Times are tough for private equity firms, but for those able to find a strategy that works, institutions will always be willing to pay a premium for the return private-equity can deliver, said Joseph L. Rice III, founder of Clayton, Dubilier & Rice, in a speech this month to members of the Wharton Private Equity Club.
Rice and his partners founded CD&R 25 years ago when private equity investment was a new frontier. Since then, the firm has invested $4 billion in 36 companies with a total transaction value of $18 billion and revenues of $25 billion. Former General Electric chief executive Jack Welch is now a partner.
“It’s a tough market for a firm that doesn’t have a franchise,” said Rice. “The rules of the game have changed. Returns are going to [be different], and they are never going back to where they were before.”
According to a report by Thomson Venture Economics and the National Venture Capital Association, commitments to venture capital funds fell sharply last year. In 2002, 108 funds raised $6.9 billion. The year before 331 funds raised $40.7 billion.
Rice said an oversupply of $125 billion in contractually committed capital in the market is driving up prices for assets to the point where it will be difficult to earn solid returns. Another drag on returns, he added, is higher equity requirements. In the 1980s, he could finance a deal by putting up only 10% of the equity. Now, it takes a 40% to 50% equity investment.
“That alone changes the returns so dramatically that it’s almost hard to believe,” Rice noted. He recently went through the exercise of recalculating the firm’s 1986 Uniroyal deal that returned 125%. Under today’s equity standards it would have returned 17%.
Institutional investors have grown more sober about private-equity markets, but will continue to turn to the industry to provide stronger returns for at least part of their portfolio, he suggested. “The institutional investor, who is [our] lifeblood, has come to recognize that like all financial instruments, there is a pulse to this business and the returns that have been achievable are not absolute.”
Institutional investors are looking to private equity for a return of 500 basis points above other investments, he said, which means that private equity deals must return 15-16% to remain above returns of 9-10% expected over the long run in the stock market. “Still, investors will pay for that 500-point basis spread. It means a tremendous amount to them.”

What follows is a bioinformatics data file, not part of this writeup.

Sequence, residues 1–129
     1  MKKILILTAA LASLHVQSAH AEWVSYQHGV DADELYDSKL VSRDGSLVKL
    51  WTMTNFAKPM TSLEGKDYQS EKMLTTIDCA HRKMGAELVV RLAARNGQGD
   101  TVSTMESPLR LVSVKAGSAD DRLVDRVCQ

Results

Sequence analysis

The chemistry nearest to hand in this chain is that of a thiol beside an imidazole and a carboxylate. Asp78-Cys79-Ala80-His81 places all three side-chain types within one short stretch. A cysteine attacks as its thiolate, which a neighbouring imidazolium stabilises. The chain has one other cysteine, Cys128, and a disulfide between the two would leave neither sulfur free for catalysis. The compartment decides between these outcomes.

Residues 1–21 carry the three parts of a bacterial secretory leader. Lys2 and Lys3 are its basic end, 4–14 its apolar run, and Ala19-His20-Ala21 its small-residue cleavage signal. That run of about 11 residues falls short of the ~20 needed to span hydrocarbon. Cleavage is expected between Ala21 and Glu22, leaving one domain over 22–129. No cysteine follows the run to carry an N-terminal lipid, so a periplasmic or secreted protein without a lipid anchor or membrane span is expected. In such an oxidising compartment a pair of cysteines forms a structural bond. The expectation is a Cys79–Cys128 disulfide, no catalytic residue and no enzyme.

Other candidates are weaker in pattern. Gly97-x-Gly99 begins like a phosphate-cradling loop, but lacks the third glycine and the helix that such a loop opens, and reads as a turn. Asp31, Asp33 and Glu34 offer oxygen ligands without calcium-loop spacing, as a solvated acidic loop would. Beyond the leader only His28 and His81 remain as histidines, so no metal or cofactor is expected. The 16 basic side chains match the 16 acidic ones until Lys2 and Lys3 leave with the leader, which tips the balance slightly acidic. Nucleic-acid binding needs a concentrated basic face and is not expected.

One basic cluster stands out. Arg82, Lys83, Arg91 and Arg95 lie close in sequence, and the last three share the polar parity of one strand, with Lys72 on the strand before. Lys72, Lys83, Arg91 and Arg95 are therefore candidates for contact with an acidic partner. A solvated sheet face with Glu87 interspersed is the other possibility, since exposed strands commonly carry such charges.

Rice sees no improvement soon in the public markets, which are crucial to private-equity investors as the primary means of cashing out of an investment. “You have a stinky economy. You’ve got a war. You’ve got some people who have abused their position as corporate executives. The combination of all those things has served to deaden the markets.”
Golf Games and Rolodexes
Rice trained as a lawyer, but early in his career worked on a buyout transaction and became hooked. In 1969 he founded a buyout firm that failed, he said, because it relied too much on financial strategies and not enough on operational knowledge. He later teamed up with Martin Dubilier and Gene Clayton who had spent their careers running troubled businesses for institutions. They started out as consultants with the idea of later becoming a buyout firm.
CD&R, based in New York City, now has 15 partners, seven of them with top-level corporate experience. Rice said that including operational experts in the firm, along with people with financial experience, was revolutionary at the time CD&R was founded. The operating experience allows the firm to better understand how the portfolio businesses operate and to help guide management in a turnaround. “Finally, it gives you the ability to take over management of the company in the event it fails.”
While operational people are good for the turnaround aspect of the business, they are not of much use when prospecting for new deals, said Rice, describing the operations partners at his firm as having “rolodexes you would die for” but being loathe to try to sell their golfing buddies on doing a deal with the firm. Rather it is the financial partners, like himself, who create new business: “The financial guys are the ones always hustling,” said Rice. “Operational guys have never developed that skill.”